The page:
Skip to content. | Skip to navigation

Personal tools

Navigation

Untimely Beggar

Poverty and Power from Baudelaire to Benjamin

2007
Author:

Patrick Greaney

Untimely Beggar

Locating literary and socioeconomic poverty at the heart of European modernity

Covering the period from the publication of Les Fleurs du Mal in 1857 to the composition of Benjamin’s final texts in the 1930s, Untimely Beggar investigates the coincidence of two modern literary and philosophical interests: representing the poor and representing potential. In doing so, Patrick Greaney offers significant insights into modernity’s intense philosophical and literary interest in socioeconomic poverty.

Patrick Greaney offers strong and poignant readings that responsibly attend to the modern cast of destitution. Brilliant, unflinching, and calm, he opens a dossier on one of the most imposing dimensions of our modernity, combining a strong sensibility for the impoverishment of being with the gift for naming the ravages of world-historical insolvency.

Avital Ronell, NYU

This highly original book takes as its starting point a central question for nineteenth- and twentieth-century literature and philosophy: how to represent the poor?

Covering the period from the publication of Les Fleurs du Mal in 1857 to the composition of Benjamin’s final texts in the 1930s, Untimely Beggar investigates the coincidence of two modern literary and philosophical interests: representing the poor and representing potential. To take account of literature’s relation to the poor, Patrick Greaney proposes the concept of impoverished writing, which withdraws from representing objects and registers the existence of power. By reducing itself to the indication of its own potential, by impoverishing itself, literary language attempts to engage and participate in the power of the poor.

This focus on impoverished language offers new perspectives on major French and German authors, including Marx, Nietzsche, Mallarmé, Rilke, and Brecht; and makes significant contributions to recent debates about power and potential in thinkers such as Agamben, Deleuze, Foucault, Hardt, and Negri. In doing so, Greaney offers significant insights into modernity’s intense philosophical and literary interest in socioeconomic poverty.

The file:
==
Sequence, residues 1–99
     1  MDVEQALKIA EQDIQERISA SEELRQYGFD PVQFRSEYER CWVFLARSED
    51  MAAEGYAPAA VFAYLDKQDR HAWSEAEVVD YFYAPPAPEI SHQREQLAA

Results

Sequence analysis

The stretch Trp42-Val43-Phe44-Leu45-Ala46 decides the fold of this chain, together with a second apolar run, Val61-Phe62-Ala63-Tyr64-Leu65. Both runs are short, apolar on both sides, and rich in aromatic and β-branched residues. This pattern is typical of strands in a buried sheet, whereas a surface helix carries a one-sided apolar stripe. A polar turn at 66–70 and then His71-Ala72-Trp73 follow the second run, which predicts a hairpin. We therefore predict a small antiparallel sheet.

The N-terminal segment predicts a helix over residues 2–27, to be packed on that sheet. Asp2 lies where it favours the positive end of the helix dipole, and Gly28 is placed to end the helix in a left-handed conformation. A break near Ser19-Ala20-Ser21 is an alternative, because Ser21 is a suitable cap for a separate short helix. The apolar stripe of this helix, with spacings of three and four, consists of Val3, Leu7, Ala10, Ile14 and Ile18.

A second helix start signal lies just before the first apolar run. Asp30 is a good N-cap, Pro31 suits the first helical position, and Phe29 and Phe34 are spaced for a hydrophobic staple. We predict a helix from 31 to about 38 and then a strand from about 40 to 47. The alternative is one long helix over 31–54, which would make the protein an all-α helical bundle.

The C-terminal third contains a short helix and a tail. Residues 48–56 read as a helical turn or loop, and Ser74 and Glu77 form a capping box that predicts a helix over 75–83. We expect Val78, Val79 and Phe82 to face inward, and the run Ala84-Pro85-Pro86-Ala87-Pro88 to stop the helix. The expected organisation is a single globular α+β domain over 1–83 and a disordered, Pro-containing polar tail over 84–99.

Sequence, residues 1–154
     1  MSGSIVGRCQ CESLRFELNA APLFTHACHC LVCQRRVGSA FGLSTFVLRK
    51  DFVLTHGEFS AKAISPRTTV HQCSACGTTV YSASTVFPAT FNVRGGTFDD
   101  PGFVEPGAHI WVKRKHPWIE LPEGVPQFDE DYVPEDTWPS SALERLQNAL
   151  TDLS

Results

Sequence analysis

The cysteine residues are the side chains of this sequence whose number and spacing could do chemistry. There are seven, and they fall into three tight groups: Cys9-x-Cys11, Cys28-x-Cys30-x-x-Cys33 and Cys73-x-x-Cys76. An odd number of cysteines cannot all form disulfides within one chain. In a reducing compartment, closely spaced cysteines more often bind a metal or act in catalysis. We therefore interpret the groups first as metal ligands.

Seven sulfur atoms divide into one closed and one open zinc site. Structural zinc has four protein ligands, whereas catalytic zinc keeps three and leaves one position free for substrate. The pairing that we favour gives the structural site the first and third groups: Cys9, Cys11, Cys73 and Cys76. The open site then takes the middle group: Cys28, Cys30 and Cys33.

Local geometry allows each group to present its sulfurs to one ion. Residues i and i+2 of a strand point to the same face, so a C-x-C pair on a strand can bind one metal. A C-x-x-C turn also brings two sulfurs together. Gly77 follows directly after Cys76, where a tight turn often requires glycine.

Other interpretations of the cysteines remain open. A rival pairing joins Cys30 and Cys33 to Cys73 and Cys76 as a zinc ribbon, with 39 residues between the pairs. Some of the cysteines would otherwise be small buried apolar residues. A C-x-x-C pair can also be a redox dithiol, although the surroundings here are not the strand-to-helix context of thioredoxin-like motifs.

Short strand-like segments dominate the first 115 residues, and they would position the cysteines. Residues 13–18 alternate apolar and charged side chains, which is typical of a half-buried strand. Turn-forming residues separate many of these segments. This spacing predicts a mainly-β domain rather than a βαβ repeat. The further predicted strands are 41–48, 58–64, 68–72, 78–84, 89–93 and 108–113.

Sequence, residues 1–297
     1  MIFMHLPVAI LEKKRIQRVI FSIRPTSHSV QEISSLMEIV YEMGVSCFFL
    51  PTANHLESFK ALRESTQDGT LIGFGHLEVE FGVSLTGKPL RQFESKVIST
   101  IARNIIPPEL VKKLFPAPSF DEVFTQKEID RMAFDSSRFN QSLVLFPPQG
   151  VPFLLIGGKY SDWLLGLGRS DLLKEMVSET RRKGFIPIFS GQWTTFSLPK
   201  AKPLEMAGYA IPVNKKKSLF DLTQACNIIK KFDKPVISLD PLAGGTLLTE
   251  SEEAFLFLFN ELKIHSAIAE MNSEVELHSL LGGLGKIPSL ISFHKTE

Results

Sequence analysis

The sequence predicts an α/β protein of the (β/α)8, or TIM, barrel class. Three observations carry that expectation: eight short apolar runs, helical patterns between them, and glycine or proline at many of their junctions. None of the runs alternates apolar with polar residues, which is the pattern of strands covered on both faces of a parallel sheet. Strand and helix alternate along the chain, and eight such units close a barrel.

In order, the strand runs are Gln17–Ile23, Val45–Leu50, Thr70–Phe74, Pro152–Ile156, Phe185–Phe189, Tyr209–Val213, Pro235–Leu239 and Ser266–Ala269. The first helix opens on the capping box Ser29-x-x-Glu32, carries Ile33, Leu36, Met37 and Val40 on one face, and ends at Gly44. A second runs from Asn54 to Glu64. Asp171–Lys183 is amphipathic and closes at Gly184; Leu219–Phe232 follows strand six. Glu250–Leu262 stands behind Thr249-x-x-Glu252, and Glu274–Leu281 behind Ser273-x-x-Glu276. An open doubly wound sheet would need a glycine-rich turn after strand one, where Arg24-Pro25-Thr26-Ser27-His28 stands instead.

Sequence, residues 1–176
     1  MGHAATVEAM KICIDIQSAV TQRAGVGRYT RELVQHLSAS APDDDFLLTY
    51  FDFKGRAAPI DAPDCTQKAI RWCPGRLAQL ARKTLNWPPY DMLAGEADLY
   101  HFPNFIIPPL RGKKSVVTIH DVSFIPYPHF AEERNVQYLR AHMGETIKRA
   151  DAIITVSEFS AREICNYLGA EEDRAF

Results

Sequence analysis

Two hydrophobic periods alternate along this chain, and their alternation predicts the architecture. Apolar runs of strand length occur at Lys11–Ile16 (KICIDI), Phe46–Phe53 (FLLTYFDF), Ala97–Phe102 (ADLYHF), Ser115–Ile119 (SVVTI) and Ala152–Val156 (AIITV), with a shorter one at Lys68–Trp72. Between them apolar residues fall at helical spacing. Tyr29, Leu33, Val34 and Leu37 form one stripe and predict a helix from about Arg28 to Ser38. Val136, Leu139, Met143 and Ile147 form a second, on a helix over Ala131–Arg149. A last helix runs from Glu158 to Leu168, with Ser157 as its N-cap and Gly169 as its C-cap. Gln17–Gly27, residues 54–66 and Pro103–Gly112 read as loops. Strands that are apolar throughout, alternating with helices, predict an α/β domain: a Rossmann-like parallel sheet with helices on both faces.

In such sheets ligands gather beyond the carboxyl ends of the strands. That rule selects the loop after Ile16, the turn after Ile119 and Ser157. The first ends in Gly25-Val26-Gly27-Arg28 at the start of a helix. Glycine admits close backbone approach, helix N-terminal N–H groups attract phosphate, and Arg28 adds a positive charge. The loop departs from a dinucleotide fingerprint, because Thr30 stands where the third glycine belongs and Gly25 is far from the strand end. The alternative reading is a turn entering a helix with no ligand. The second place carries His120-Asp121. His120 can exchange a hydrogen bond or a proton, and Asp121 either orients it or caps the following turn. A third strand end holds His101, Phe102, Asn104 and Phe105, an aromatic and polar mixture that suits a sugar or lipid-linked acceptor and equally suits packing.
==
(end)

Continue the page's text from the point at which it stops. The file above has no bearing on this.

Untimely Beggar

Patrick Greaney is assistant professor of German studies at the University of Colorado at Boulder.

Untimely Beggar

Patrick Greaney offers strong and poignant readings that responsibly attend to the modern cast of destitution. Brilliant, unflinching, and calm, he opens a dossier on one of the most imposing dimensions of our modernity, combining a strong sensibility for the impoverishment of being with the gift for naming the ravages of world-historical insolvency.

Avital Ronell, NYU

Greaney’s readings are for the most part attentive, sensitive, and even creative. He brings his interpretive acumen to the table, offering detailed analyses of the prosodic elements and finer nuances of poetry. His book ultimately makes for a pleasurable read; its prose is lucid and engaging while its argument advances steadily and convincingly. Overall, the most admirable quality of Untimely Beggar is its consistent combination of traditional scholarship and newer critical approaches. Greaney mindfully attends to his predecessors, but simultaneously forges ahead in his own productive encounter with a host of diverse texts that exemplify his concept of impoverished writing.

German Studies Review

Greaney’s study is a bold initiative, scholarly and informative, and it brings together familiar themes, and familiar writers and theorists, in a constellation that generations significant new light.

French Studies